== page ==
Kitchen Shelf: Kathleen’s Favorite Soup Books

Campbell's was right: Soup is good food. But it's even better for you if you make it yourself. If you’re craving more creamy, hearty, vegetable-y happiness by the bowlful, here are some of my favorite soup cookbooks. Be sure to check out my post, How to Make Soup out of (Almost) Anything. Splendid Soups Talk about hearty. James Peterson’s robust 600-plus-pager is a soup lit classic. With almost 300 recipes– from simple … [Read more...]

Legacy: Read a book, do what you love

My friend Kim Ricketts died last Monday.  She was tough-minded, big-hearted, interested in seemingly everything, generous to a fault. She created book events featuring authors and in doing so, used her life's passion for reading to create an unusual community. She was much loved here in Seattle, but her reach in the publishing industry was extensive. The day after she died, my publicist in New York sent me an email. … [Read more...]

The Gumbo Pages

In advance of Mardi Gras, I really would like to point everyone to one of the resources I've relied on for years: The Gumbo Pages. Run by Chuck Taggart, a native of New Orleans later transplanted to Los Angeles, who has hosted a couple of gumbo-themed television shows. I first wrote about The Gumbo Pages in late 1995, when I edited a magazine called Internet Underground. Yes, you read that right -- he's been at it since … [Read more...]

Ratio by Michael Ruhlman

The more that I study why and how people cook at home, the more that I understand the importance of a book such as Ratio: The Simple Codes Behind the Craft of Everyday Cooking (Scribner, 2009). Noted food writer Michael Ruhlman lays out a simple premise: If you understand the fundamental ratios for some basic culinary tasks ranging from biscuits to stock to vinaigrette, the less a cook has to rely on recipes. After all, … [Read more...]

How to Cook Without a Book

Along the same lines of Ratio, there’s How to Cook Without a Book: Recipes and Techniques Every Cook Should Know by Heart (Broadway, 2000) by Pam Anderson, author of The Perfect Recipe series. Each chapter focuses on a classic technique. Each includes a step-by-step narrative on the method, offers a recipe to demonstrate the technique and then provides multiple, yet simple variations. An unusual twist is that each chapter … [Read more...]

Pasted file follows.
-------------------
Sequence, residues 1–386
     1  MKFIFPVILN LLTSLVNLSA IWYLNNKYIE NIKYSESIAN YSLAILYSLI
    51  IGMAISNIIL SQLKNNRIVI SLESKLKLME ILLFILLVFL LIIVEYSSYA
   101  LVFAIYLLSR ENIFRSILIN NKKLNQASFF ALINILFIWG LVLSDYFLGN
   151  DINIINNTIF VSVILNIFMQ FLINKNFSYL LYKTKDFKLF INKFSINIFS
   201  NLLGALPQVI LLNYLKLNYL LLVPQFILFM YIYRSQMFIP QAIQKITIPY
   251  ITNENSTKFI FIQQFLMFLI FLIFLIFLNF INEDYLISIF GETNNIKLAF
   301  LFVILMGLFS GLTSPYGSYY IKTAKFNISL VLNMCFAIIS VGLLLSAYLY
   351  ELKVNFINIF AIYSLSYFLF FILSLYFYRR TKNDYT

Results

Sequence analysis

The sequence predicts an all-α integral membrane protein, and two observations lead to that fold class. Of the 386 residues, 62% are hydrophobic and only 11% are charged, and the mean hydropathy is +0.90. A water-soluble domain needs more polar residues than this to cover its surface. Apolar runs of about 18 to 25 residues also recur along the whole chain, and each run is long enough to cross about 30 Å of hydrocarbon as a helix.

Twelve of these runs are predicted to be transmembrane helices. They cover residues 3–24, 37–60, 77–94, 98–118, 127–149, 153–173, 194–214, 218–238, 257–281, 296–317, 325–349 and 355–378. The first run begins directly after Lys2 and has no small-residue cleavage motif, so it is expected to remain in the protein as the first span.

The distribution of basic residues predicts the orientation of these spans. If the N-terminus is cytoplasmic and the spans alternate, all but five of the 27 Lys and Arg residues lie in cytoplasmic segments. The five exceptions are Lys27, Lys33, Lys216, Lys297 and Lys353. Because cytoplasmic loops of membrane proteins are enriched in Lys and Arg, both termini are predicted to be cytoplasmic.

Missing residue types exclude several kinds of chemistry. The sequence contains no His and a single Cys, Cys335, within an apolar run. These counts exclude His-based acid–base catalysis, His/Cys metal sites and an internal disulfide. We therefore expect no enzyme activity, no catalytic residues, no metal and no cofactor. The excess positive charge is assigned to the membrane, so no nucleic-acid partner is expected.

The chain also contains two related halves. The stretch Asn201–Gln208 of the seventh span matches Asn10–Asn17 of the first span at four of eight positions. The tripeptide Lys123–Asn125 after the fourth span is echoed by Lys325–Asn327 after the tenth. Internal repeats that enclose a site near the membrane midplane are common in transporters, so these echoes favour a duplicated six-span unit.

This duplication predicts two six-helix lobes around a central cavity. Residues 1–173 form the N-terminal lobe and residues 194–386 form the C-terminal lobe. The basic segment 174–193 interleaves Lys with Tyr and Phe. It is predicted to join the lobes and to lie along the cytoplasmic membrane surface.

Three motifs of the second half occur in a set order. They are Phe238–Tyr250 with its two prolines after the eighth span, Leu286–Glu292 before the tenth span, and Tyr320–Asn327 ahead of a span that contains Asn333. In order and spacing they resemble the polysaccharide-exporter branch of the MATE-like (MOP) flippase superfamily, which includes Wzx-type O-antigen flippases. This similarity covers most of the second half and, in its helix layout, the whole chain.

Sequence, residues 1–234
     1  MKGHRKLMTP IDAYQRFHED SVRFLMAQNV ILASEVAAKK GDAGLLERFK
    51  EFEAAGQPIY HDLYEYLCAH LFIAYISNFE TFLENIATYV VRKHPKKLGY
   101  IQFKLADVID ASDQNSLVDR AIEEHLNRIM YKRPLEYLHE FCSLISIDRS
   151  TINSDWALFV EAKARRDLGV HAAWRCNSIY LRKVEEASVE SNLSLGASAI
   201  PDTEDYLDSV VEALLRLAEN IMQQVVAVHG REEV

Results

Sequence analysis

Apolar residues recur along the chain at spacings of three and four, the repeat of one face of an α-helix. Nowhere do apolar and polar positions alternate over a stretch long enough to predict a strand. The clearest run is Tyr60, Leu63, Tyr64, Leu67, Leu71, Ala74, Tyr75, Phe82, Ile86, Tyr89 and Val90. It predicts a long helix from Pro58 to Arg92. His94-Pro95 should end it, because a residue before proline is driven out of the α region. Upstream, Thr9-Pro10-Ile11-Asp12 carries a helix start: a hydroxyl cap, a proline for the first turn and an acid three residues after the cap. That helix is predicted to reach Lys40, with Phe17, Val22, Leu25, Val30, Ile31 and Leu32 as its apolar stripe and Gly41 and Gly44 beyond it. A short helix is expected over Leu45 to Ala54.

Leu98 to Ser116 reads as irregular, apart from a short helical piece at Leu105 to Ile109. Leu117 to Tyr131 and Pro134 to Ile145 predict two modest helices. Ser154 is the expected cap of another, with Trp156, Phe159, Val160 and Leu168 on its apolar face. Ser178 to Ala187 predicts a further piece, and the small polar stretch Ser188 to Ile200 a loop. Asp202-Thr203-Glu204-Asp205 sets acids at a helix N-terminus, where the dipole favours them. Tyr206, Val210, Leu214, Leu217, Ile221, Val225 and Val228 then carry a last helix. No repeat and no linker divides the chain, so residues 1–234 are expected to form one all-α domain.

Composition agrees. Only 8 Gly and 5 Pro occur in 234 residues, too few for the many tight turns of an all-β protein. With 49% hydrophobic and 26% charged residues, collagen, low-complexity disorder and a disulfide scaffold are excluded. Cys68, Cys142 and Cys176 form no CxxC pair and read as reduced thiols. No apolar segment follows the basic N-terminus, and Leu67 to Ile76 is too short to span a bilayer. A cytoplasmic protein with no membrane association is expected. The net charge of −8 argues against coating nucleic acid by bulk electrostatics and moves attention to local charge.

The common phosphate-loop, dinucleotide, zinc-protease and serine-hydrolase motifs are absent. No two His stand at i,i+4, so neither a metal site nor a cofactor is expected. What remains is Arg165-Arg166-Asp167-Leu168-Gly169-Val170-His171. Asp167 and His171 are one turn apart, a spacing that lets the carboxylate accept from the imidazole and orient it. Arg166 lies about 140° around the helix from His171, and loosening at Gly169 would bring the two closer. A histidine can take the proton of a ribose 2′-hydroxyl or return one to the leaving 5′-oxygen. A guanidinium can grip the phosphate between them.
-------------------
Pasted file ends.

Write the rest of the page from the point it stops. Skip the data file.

The Flavor Bible

The final entry is The Flavor Bible: The Essential Guide to Culinary Creativity Based on the Wisdom of America’s Most Imaginative Chefs by Andrew Dornenberg and Karen Page. In interviews with home cooks, one thing became a common refrain when it came to that moment of standing in front of the fridge, trying to figure out dinner, or the farmer’s market shopper who purchases beautiful golden beets without a vague idea on … [Read more...]

Kitchen Shelf: No Knead Bread Books

We rarely buy bread anymore. As I write this, a vat of whole wheat bread dough languishes in our fridge. Mike made the dough over the weekend and has since fashioned four loaves for various holiday eating events. All of this is possible due to the no knead artisan bread phenomenon. Most people credit the whole thing to Jim Lahey of the Sullivan Street Bakery in New York. Food writer Mark Bittman documented Lahey's method … [Read more...]

The End of the Line

What would the world be like if there were no more fish? It’s a possibility based on current fishing practices laid out in the excellent, if devastating book The End of the Line: How Overfishing is Changing the World and What We Eat by British journalist Charles Clover (University of California Press, 2008). The book is the foundation of an utterly depressing documentary The End of the Line that debuted at the Sundance … [Read more...]